The Front Sight (E) is shown in detail in Fig. 454. Figure 455 shows the shape and size to cut the strip required. A piece of a tin can will do. Trim off the ends of the strip as shown, bend the piece to fit around the barrel, and hammer the ends together.

The Rear Sight is made to fold flat against the top of the barrel (F, Figs. 452 and 456). When laid down, the

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Fig. 453. - Pattern of Stock and Barrel of Drill Gun shown in Fig. 452 position is known as battle sight; when raised, the semicircular notch in the upper edge is known as the open sight, the hole beneath it is known as the peep sight. Cut a piece of tin of the size shown in Fig. 457, for leaf F, and turn the lower end over a piece of wire (G, Fig. 458). Bend the ends of the piece of wire into loops, and tack these loops to the sides of the gun-stock (Fig. 456). The leaf will turn up and down with the wire as an axis. Tack H (Fig 456, driven close to the hinge of the leaf, will act as a stop when the leaf is raised, and can be used as the rear sight when the leaf is laid flat.

Finish the Drill-Gun in the manner suggested for the other model. Then it will be ready for

The Sling (J, Fig. 452), without which it would not be complete. An excellent sling that will resemble more or less closely a modern rifle sling, can be made of an old pair

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Fig. 454. - Detail of Front Sight Fig. 455 Fig. 455. - Pattern of Front Sight

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Fig. 457 Fig. 458 Fig. 456

Figs. 456-458. - Details of Rear Sight Drop-Leaf

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Fig. 460 Fig. 459

Figs. 459 and 460. - Details of Sling of suspenders. Figure 459 shows a sling so made. Separate the suspenders where crossed (Fig. 460), cut off the button-hole tips on the rear ends, and sew the two lengths together. The snaps on the front ends will then snap over the eyes 7, screwed into the stock (Fig. 452), and the slide-buckles can be used to shorten the straps. For the eyes use bent-over screw-eyes (I, Fig. 452). Stain the sling with walnut stain, to make it look as nearly like leather as possible.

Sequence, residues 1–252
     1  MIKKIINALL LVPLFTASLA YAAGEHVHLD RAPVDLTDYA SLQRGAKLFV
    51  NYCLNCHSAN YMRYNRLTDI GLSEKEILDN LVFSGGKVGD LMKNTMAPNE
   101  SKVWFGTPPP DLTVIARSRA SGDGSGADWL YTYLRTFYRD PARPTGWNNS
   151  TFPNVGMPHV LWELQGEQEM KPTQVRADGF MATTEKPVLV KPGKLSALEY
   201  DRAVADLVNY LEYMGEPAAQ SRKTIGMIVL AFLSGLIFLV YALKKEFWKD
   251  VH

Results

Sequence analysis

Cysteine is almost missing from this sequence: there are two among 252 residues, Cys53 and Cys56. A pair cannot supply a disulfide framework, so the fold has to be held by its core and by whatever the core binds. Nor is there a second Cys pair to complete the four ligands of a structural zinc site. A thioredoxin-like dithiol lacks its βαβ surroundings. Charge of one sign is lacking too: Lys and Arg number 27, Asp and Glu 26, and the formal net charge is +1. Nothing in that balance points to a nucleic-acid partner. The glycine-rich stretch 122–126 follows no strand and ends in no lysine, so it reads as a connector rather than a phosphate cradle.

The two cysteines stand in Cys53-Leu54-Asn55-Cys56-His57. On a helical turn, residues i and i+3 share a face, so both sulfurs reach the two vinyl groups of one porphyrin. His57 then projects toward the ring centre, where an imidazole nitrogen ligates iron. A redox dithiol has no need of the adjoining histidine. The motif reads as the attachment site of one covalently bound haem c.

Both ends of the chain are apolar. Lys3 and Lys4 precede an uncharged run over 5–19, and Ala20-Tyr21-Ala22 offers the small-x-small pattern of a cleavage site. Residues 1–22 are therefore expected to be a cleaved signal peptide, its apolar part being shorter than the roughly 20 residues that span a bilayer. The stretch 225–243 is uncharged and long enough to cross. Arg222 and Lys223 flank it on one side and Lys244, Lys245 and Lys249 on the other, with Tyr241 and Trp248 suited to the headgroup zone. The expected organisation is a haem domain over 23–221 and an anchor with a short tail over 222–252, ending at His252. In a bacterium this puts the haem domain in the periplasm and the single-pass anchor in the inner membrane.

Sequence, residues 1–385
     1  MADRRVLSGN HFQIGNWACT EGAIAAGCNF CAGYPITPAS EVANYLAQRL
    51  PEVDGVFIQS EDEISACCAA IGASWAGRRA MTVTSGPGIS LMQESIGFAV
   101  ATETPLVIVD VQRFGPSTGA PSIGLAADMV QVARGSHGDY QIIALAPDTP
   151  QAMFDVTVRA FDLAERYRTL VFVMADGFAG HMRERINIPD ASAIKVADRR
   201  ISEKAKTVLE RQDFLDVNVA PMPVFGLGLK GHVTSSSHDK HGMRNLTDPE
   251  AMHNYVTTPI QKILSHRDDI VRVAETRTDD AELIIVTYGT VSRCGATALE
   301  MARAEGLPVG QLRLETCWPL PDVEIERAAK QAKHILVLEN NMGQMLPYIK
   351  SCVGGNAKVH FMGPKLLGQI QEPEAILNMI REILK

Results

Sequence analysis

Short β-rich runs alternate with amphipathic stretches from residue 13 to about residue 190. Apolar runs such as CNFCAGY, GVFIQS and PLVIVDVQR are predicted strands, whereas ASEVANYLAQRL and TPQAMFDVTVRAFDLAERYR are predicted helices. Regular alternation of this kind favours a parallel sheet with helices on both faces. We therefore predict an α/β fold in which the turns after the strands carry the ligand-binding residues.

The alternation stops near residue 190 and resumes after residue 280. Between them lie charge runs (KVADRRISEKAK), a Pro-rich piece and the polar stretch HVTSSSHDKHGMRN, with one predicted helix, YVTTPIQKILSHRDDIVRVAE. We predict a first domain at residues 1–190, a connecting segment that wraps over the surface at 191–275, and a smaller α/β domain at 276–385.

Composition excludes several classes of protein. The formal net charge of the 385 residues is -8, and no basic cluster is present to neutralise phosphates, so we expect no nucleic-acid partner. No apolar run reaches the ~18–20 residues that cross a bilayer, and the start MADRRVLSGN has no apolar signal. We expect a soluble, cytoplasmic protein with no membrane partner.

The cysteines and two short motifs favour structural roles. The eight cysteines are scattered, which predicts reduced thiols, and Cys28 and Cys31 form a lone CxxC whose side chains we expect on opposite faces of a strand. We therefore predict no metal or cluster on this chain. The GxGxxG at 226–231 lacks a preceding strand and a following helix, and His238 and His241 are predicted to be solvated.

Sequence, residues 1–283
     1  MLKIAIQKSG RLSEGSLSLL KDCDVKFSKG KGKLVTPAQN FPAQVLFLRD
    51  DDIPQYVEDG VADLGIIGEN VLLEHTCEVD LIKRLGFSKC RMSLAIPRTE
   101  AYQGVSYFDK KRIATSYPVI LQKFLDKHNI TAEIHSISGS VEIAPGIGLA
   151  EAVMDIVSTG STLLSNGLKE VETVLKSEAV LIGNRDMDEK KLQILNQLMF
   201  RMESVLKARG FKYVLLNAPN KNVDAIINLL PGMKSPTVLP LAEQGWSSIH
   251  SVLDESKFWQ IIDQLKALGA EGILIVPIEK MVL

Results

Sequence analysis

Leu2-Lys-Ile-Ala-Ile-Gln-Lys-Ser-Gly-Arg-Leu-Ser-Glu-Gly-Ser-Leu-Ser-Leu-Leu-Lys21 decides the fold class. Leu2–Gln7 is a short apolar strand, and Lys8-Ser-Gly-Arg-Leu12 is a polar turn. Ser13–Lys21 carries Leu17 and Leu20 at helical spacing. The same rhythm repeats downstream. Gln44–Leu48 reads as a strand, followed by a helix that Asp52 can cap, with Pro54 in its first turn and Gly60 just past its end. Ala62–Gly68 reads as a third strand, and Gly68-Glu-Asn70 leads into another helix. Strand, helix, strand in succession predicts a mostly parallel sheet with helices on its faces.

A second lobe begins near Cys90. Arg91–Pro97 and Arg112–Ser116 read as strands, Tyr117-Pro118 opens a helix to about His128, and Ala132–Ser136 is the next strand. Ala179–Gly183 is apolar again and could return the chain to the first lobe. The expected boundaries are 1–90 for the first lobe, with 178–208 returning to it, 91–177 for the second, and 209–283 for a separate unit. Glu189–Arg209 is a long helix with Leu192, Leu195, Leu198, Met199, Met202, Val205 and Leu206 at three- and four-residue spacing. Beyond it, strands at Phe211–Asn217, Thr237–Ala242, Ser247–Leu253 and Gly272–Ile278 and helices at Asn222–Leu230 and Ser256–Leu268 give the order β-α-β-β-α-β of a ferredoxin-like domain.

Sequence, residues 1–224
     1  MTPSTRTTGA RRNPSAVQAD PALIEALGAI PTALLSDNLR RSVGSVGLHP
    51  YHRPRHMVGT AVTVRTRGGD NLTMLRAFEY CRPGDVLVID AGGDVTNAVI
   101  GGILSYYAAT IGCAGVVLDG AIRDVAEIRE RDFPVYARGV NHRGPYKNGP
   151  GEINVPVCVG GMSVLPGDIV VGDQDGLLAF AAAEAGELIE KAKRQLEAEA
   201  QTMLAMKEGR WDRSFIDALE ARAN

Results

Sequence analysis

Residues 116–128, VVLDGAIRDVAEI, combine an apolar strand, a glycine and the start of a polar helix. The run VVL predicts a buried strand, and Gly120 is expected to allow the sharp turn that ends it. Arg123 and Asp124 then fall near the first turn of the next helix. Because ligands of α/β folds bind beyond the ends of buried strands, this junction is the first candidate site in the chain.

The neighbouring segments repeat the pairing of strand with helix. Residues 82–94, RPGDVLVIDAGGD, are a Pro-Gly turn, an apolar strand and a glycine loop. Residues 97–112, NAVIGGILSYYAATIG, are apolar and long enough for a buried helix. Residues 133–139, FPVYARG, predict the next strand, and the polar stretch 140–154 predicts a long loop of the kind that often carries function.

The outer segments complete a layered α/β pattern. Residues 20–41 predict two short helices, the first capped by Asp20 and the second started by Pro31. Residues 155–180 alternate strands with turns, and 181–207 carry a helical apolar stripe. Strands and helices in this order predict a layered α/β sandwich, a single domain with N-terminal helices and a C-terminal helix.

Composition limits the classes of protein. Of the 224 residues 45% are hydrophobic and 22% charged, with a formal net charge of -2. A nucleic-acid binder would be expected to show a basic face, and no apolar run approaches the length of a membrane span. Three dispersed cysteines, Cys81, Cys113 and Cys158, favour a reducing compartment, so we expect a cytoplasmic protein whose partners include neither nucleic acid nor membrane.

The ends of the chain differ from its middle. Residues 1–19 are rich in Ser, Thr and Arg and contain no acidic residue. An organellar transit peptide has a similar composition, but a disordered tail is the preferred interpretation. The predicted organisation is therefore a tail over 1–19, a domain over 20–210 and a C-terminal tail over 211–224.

The Weight of a Spring-field is 8069 pounds. Your drill-gun, even if made of heavy wood, will be extremely light by comparison.

To Increase the Weight of Drill-Guns, the author has found it a good scheme to bore several holes in the stock and barrel, and pour these full of melted lead. In doing this, be careful to keep the center-of-balance at about the position of the rear-sight leaf.

A Bayonet is easily made out of wood (Fig. 461). Cut

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Fig. 461. -Bayonet

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Fig. 462. -Scabbard the blade of the shape and size of A (Fig. 463), and build up the grip end with the blocks B. Bend a piece of heavy wire into a double loop, like C (Fig. 465) for the guard, and cut a groove across the inner face of blocks B for the wire

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Fg. 463. - Detail of Bayonet

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Fig. 465 Fig. 466 Fig. 464

Figs. 464-466. - How Grip of Bayonet Attaches to Gun

Fig. 467. - Gun with Fixed Bayonet to fit into (Figs. 463 and 464). Cut a slot 2 inches long in the end of the blade (Fig. 464). Nail the grip blocks to the end of the blade, and then shape the assembled grip as shown in Fig. 467. If the loops of the guard have been bent properly, they will slip over the muzzle of the barrel. To hold the end of the grip, fasten the metal strip D (Fig. 466) to the stock, to fit in the slot cut in the end of the blade (Fig. 464).

Finish the bayonet by first sandpapering the wood very carefully, making the edge sharp and straight. Then paint the blade with aluminum paint, and finish the grip with walnut stain.

A Scabbard for the bayonet is shown in Fig. 462. Make this out of two pieces of cardboard, glued together along the edges, with a covering of khaki-colored cloth. Make the top loop large enough for your belt to run through.